a bizarre deal diverts vital tools to russians

by:kingtool aluminium machinery     2020-05-15
The following article is based on the report of david e.
The Sanger of, the Clyde in Haberman, of, the Steve in the Lodge ofSANGER.
On June 12, 1987, this was a digital version of an article in The Times Print File, before it began to be published online in 1996.
To keep these articles as they appear initially, the Times will not change, edit, or update them.
There are occasional copywriting errors or other problems during the digitization process.
Please send a report of such issues to archid_feedback @ nytimes. com.
In early 1983, a group of Japanese engineers from Toshiba machinery arrived in Leningrad, the center of Russian shipbuilding since Peter the Great, and then hurried through the back door of the heavily guarded Baltic shipyard.
There, they painstakingly assembled computers worth more than $17 million.
Controlled machine tool for manufacturing ship propeller.
In the next 18 months, engineers returned to the Soviet Union about six times.
Working with computer experts from a state
They own Norwegian companies-
Four magnificent machines have been adjusted, each with two layers of height and a half-weight pounds.
As part of the agreement, the Soviet Union even got
Annual service agreement.
For Japanese and Norwegian customs officials who allow the shipment of equipment, this is just another radical commercial transaction, and the export license is also in good order.
Instead, investigators in three countries have now concluded that this sale is one of the most shocking transfers of high-tech technology.
Ten years later, technology products entered the Soviet Union.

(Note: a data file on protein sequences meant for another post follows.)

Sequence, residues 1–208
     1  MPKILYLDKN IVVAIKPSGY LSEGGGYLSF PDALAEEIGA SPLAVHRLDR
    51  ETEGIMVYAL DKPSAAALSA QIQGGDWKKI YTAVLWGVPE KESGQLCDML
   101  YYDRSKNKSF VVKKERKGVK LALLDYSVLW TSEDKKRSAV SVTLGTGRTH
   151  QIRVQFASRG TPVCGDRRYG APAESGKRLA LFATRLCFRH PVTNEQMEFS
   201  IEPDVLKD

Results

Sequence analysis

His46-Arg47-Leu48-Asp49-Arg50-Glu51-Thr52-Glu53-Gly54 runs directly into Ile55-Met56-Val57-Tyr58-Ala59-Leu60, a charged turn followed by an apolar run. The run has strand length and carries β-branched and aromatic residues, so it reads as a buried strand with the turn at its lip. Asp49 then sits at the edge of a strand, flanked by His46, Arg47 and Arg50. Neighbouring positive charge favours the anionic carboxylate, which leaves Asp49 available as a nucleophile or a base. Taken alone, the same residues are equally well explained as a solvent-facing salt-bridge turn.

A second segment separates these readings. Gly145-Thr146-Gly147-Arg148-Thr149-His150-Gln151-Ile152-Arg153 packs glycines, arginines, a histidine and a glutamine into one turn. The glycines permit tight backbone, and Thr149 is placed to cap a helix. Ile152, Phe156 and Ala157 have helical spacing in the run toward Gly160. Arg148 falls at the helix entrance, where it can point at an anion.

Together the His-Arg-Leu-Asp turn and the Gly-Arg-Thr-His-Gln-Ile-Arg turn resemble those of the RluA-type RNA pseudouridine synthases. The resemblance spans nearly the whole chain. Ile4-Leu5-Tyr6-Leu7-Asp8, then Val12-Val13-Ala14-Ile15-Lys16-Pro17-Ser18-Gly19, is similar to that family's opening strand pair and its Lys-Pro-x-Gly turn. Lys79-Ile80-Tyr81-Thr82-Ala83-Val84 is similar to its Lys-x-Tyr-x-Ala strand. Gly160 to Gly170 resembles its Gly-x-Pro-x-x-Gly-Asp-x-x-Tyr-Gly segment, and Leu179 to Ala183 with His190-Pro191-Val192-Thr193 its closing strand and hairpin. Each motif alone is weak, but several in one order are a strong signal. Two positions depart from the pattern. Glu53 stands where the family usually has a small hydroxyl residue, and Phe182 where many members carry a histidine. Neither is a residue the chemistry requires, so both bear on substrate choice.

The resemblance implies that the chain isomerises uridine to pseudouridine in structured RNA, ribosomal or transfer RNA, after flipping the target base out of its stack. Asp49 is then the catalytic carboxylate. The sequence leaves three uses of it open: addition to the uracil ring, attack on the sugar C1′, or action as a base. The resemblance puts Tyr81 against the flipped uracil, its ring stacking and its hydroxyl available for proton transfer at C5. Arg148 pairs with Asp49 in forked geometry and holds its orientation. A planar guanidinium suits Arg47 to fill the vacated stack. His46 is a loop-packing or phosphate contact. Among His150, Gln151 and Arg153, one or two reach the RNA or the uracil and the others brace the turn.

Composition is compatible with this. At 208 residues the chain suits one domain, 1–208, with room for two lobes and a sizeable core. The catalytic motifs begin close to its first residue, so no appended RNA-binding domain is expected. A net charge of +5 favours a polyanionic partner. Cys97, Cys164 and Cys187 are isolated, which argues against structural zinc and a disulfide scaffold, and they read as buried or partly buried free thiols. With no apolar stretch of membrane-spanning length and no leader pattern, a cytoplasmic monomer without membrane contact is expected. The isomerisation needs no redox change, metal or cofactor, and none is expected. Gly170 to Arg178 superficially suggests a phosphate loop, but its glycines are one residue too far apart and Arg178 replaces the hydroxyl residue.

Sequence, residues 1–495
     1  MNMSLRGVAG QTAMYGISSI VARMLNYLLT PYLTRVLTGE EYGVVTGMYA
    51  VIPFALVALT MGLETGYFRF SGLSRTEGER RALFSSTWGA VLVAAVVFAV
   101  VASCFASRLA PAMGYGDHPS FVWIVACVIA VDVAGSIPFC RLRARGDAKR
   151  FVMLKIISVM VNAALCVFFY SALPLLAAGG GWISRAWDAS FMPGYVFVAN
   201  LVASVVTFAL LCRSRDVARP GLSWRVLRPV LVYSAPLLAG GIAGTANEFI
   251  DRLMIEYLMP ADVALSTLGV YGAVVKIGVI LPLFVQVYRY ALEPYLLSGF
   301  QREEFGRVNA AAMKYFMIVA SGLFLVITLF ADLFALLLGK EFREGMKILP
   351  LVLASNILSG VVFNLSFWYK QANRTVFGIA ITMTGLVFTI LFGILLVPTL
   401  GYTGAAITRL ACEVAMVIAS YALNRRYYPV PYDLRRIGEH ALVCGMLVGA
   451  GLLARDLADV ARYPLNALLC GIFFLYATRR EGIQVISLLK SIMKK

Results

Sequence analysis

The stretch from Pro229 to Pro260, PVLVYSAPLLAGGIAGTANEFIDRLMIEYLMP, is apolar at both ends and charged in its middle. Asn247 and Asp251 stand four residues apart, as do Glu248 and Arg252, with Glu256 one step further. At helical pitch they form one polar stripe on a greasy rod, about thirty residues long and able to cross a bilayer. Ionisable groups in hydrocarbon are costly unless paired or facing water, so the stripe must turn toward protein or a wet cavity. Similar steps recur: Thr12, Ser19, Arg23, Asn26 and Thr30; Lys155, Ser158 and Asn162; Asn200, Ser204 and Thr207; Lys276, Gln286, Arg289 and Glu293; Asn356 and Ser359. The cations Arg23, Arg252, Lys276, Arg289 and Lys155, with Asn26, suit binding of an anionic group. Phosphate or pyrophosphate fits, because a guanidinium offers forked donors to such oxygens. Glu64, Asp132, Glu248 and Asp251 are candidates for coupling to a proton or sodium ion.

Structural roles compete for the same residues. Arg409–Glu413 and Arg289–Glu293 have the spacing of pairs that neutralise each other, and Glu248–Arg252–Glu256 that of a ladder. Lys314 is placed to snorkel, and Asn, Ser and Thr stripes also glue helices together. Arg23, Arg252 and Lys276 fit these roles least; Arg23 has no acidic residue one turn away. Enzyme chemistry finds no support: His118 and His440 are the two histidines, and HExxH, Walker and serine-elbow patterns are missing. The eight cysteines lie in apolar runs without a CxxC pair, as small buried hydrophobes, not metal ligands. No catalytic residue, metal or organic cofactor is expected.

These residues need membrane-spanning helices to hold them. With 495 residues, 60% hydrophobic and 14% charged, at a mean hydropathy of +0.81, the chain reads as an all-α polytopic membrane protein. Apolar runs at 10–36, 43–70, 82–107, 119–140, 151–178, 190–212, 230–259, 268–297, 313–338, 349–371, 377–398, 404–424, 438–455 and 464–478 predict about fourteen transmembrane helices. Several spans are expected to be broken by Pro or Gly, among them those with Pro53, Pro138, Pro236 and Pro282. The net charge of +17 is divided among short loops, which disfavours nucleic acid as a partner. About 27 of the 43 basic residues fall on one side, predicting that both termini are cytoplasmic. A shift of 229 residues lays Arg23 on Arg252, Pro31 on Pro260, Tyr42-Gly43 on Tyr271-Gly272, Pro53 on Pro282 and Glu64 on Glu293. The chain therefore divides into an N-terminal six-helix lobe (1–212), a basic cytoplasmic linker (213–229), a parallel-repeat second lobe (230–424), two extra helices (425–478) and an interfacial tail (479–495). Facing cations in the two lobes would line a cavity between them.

According to interviews in the US, Europe and Japan, detailed re-construction of sales shows how easy it is to collapse the export control system.
The interview shows that the relevant government relies heavily on the authenticity of the company, which is also under pressure to meet a major new customer, the Soviet Union.
In addition, it appears that government inspectors lack the technical complexity of challenging the company\'s claims about the ability to export equipment.
The device is on top of a list of technologies that Western allies and Japan ban exports to Soviet groups, and intelligence officials say the machines have made it easier for Soviet submarine fleets to escape detection.
The US Navy says it will spend $1 billion or more to eliminate losses.
The ad \"when you take everything away,\" says Stephen D \".
Bryen, director of the Department of Defense\'s Export Authority office, said, \"These people have caused terrible losses in order to make another sale.
\"Since the transfer, the political impact has been great.
S. anger over the incident caused serious friction between three close military allies.
The United States, Norway and Japan.
The Pentagon accused Japan of allowing the technology to escape and then held back for a year while presenting evidence of the transfer.
Americans are also not fully convinced of the results of the Norwegian survey, which concluded that Norwegian involvement was limited to the work of a defector employee.
Last month, two officials of Japanese companies and Kongsberg Vaapenfabrikk, a British employee of Norwegian companies, were arrested and more arrests are expected in Japan.
Meanwhile, the president of Toshiba and two other top officials have resigned.
Norwegian officials are concerned that they may lose an important contract with the US military, which they have removed part of Konsberg.
A complaint in Japan is that Norwegian TooLike, chief executive of Toshiba, Watari Sugiichiro, complained in an interview in New York this week that his company had been deniedMr.
Votali says big electronics companies with 50 companies.
Toshiba\'s 8% machine should not now face sanctions from congressional debate.
Ban shipments to the United States and loss of military contracts
Because of the behavior of subsidiaries.
\'I was also misled by Toshiba\'s machine,\' he said. Watari said.